Sunday, July 8, 2012

The Offer Sheet, or: How I Learned to Stop Worrying and Love the Shea Weber (Contract) Bomb

If David Poile looks like this after losing Ryan Suter, imagine what happens if he loses Shea Weber. Full fledged zombie Poile.
Photo credit The Tennessean

This was supposed to be the biggest offseason in a decade. The Red Wings added three future Hall of Famers to their roster the last time they were in a period of transition that even remotely resembles this one. What have they done so far this summer? Added a solid backup goalie, an agitator with little offensive upside, a flashy but unproven European star, and a player who was not resigned by Detroit the last time he reached free agency. Not exactly the blockbuster summer everyone was hoping for.

Drastic times call for drastic measures, and if ever there was a drastic time this is it. Chris from Nightmare on Helm Street wrote an interesting article about signing Shea Weber to an offer sheet. I like his idea of throwing out an offer that David Poile can't match, but what will that take? Is there a way we can precisely pinpoint a number that Poile can't match, thereby pushing him over the brink of insanity that he's already teetering on?

The most difficult part of signing Weber to an offer sheet is Nashville's available cap space. They have about $30 million left to spend, which is essentially a blank check. Some of that $30 million will disappear soon, as Poile doesn't have a full roster at this time. Let's take a look.

I then tried to predict moves Nashville will make and see how much cap space was left. Winger Sergei Kostitsyn filed for salary arbitration, and they'll likely re-sign him at a higher salary than the $2.5 million he made last season. I gave him a modest raise since his production did slip, so let's assume he earns $3.00 million next season. There's a big need for help on defense, so I extended qualifying offers to Jonathon Blum and Teemu Laakso. Colin Wilson is one of the Predators' more promising young players, so let's say they sign him to a deal with a cap hit of $1.825 million, similar but slightly above his current $1.725 million hit. This still leaves Nashville with only two left wingers, and six centers. I'll be nice to them and say that they don't have to sign two left wings, but instead convert a center. This means they still have to acquire a left wing, and I'll assume they do this via free agency. They could use a veteran leader with some scoring punch, so let's say they sign Andrew Brunette to a one year, $2.2 million deal. After all this, they've still got $21.633 million in cap space.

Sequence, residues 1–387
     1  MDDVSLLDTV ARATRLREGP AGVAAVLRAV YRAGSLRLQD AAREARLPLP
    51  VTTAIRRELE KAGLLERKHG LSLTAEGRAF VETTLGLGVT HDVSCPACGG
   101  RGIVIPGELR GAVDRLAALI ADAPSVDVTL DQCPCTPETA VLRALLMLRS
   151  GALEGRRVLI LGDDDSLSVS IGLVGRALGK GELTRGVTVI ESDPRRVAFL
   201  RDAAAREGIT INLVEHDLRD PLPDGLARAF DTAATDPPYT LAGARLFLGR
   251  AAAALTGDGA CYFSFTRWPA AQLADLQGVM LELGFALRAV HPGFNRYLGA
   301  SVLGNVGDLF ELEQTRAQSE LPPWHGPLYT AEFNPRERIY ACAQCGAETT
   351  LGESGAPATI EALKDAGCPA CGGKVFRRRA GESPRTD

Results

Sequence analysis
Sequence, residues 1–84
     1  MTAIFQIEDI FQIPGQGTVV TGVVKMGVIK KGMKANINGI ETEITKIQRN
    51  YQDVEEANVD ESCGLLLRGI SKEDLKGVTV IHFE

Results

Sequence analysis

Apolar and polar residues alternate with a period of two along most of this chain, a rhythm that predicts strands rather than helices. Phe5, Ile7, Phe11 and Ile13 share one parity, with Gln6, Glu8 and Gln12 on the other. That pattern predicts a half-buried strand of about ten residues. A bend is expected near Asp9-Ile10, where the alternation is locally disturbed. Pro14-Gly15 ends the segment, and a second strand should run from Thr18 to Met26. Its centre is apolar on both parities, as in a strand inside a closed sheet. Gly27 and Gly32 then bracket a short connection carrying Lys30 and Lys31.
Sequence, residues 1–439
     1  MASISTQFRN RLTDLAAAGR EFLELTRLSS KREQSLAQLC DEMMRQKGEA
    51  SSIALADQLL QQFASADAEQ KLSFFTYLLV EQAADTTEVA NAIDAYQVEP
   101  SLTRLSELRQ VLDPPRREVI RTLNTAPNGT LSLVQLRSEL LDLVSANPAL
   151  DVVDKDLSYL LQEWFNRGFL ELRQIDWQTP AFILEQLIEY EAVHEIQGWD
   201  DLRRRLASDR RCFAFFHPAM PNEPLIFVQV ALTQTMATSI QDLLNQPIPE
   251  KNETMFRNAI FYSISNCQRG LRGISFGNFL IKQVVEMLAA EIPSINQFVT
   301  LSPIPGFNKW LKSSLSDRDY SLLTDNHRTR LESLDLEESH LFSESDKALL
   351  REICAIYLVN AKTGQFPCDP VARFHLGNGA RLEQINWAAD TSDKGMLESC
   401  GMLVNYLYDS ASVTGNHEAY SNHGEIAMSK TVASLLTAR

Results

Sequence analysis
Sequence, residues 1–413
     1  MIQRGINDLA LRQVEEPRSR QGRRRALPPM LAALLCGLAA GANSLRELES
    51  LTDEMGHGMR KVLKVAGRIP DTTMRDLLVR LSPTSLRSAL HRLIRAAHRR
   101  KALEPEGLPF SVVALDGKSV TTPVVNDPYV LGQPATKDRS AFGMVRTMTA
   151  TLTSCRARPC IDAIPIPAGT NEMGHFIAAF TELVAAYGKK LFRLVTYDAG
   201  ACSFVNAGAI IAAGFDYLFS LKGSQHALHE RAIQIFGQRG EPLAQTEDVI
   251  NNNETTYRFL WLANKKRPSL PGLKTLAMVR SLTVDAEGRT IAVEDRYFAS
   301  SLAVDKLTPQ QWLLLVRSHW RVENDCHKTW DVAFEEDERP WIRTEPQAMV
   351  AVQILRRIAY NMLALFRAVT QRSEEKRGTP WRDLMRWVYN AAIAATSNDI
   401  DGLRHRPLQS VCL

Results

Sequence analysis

With that much cap space, we have to be realistic. There's a very, very good chance that Nashville matches any offer another team puts on the table that's short of a one year, $22 million deal. This is their franchise player and captain, and the organization is feeling even more pressure to keep him after the departure of Ryan Suter.

Regardless, Detroit can still put Nashville in a tremendously uncomfortable position. As far as the contract offer itself, I think Detroit can afford to put a $12.2 million deal on the table. To calculate this number, I first assumed the Wings resign Justin Abdelkader for $1.3 million per season, and Kyle Quincey for $3.78 million per. I took the Quincey figure from the contest running over on The Production Line, and the Abdelkader salary is one that I've heard he's looking for. This means that Detroit ends up with $100k if Weber doesn't get matched, and also puts them one player over the maximum.

The roster is overloaded with forwards, and someone will either have to be sent to Grand Rapids or traded to bring the roster down to the maximum of 23. Trading a forward for draft picks would help, because if Weber signs with Detroit and isn't matched the Wings will lose four first round draft picks. The likely candidate to take his turn apprenticing in Grand Rapids is Damien Brunner, despite being billed as a top six forward by Mike Babcock. He's one of the two forwards with two way contracts, and is unproven in the NHL. 

So if Nashville has a blank check, why even try?

The facts don't exactly pain a rosy picture from the Wings' perspective. Only one player has ever signed an offer sheet and not been matched by his current club post-lockout, but Detroit has absolutely nothing to lose and a whole lot to gain. The Wings wanted to add a top six forward and a first pair defenseman in the offseason. There aren't any top flight defensemen left on the open market, and perhaps only Keith Yandle available on the trade market.. Forwards are more available, and Detroit's forward crop is a lot stronger than their blue liners as the roster stands now. If you prioritize needs, an elite defenseman is far and away the Wings' greatest void.